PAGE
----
As we know, it’s important to use the right knife for the job.
We’ve already discussed the main knife in your armoury – the chef’s knife, which is also sometimes called a cook’s knife, or if it’s Japanese style, which is very popular these days, a santoku knife.
In the photo above you can see a selection of some of my knives. We’ll go through them from left to right…
This is a heavy duty butchery knife, and mainly used for chopping through bones. Mind you, I’ve seen some chefs in Asia use it in the same way as a chef’s knife for veg prep. (I wouldn’t risk it.)
A small knife used for peeling smaller round vegetables, such as potatoes, and for turning vegetables. Note that for straighter vegetables, such as carrots, you’ll be better off with a peeler.
This is a butchery knife with a strong rigid blade which won’t bend or break easily. It’s used for removing bones from large joints of meat and poultry.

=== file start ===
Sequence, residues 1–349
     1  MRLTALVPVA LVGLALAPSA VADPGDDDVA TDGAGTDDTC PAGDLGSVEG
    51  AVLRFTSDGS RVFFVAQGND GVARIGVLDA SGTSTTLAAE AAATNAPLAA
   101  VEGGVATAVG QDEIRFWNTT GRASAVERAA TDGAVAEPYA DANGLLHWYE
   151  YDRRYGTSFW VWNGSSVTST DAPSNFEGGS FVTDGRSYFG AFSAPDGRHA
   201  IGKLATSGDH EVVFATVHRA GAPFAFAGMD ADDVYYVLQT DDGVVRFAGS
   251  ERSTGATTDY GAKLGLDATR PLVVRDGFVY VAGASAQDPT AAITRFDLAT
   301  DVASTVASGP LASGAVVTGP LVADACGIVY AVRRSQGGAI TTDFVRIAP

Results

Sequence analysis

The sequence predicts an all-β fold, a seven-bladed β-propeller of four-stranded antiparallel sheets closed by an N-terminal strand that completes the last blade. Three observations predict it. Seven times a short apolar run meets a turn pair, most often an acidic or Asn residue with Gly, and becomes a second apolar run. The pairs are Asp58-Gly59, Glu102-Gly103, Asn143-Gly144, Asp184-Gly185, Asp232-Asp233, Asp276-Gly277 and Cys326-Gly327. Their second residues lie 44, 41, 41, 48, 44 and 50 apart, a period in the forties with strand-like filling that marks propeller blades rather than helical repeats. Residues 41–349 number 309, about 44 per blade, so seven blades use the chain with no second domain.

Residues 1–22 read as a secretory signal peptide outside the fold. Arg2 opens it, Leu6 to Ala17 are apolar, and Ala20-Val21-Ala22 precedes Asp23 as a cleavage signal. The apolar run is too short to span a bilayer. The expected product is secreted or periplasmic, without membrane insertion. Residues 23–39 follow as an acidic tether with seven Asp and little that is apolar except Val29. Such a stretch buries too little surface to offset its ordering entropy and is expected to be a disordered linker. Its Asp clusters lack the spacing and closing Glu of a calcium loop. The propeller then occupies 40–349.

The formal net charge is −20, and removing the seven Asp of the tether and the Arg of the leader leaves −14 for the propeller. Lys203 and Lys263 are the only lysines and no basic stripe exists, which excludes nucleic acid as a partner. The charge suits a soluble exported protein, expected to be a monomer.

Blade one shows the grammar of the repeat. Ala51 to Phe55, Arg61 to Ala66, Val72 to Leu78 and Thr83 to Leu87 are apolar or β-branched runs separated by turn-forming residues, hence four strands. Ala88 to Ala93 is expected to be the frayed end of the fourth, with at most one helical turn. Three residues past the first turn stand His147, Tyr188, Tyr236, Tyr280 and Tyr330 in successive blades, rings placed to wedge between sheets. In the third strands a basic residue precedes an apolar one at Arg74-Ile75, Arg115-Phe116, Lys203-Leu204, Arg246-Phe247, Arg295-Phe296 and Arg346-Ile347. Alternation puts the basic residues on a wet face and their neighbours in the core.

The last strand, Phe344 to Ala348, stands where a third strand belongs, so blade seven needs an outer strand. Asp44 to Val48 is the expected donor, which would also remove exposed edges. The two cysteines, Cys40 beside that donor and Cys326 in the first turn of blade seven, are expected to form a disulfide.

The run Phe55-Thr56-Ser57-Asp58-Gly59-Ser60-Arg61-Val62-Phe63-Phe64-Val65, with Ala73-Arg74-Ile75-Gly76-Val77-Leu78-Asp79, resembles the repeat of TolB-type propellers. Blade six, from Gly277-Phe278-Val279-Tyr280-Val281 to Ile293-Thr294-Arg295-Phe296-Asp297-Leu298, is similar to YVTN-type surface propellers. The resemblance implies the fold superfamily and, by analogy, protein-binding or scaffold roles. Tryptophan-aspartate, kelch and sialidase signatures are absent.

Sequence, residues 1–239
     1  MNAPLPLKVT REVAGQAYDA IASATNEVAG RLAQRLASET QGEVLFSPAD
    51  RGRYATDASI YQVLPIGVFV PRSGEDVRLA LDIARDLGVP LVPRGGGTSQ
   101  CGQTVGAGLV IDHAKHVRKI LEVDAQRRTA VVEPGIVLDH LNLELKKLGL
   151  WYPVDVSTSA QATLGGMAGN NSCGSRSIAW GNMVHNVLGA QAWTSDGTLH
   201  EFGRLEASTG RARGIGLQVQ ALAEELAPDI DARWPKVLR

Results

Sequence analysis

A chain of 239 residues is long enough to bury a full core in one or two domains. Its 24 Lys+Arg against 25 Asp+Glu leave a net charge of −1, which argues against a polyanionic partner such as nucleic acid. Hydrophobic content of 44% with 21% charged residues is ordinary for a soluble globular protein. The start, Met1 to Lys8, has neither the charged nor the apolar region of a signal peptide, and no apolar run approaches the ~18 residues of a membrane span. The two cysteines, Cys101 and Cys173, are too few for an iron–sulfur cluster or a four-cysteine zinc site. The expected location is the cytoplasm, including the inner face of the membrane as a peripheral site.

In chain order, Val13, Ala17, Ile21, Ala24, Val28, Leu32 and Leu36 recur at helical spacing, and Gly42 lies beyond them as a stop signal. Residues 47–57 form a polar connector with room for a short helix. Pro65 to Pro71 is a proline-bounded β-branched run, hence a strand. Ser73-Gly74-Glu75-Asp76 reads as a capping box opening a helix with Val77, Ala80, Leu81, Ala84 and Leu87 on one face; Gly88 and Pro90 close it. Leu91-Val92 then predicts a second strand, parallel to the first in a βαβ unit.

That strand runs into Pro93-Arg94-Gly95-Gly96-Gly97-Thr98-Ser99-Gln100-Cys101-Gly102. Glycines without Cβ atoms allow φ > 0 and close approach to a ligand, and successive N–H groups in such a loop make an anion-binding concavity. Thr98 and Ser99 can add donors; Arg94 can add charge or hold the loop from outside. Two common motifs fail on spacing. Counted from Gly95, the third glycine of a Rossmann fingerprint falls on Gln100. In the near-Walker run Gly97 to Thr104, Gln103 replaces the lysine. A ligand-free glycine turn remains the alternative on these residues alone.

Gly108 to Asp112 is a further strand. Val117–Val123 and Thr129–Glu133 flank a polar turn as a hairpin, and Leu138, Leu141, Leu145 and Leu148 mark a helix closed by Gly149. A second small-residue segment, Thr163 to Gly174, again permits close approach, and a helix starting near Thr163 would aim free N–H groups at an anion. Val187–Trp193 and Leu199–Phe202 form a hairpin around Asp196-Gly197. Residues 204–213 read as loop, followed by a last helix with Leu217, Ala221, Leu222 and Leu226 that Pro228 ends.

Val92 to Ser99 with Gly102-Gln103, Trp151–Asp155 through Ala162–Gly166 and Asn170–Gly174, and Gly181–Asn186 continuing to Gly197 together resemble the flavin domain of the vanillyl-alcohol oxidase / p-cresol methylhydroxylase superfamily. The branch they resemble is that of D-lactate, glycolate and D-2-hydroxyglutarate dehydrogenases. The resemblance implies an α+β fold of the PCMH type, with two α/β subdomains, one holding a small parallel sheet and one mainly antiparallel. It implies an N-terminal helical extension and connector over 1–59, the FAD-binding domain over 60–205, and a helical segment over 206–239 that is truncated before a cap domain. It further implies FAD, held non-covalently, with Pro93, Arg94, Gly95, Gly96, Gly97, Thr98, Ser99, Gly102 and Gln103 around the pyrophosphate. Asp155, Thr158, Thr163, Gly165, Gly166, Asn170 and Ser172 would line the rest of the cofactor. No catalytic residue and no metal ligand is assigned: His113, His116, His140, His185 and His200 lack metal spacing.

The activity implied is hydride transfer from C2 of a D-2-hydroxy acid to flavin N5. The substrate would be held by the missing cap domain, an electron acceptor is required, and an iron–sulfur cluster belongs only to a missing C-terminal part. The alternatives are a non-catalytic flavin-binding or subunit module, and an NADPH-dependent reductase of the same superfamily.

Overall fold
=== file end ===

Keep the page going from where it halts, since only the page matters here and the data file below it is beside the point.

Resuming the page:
Used in fish preparation, it has a very sharp flexible blade and is used to fillet fish and remove skin from fish fillets.
Funnily enough, this one is used for carving meat and poultry, eg large joints, turkey. It’s also used for slicing a side of smoked salmon.
Similar to a carver but with a serrated edge. It’s used for slicing bread. Note that if you’re preparing sandwiches, you should always cut them with a serrated blade otherwise you run the risk of not getting nicely cut sandwiches.
If you can’t afford to buy all these knives at once, the main three knives you need are the chef’s knife, the paring knife, and the bread knife. A cheap option is to buy a boxed set from Nisbets. I’ve recommended some on the introductory page of this knife skills course.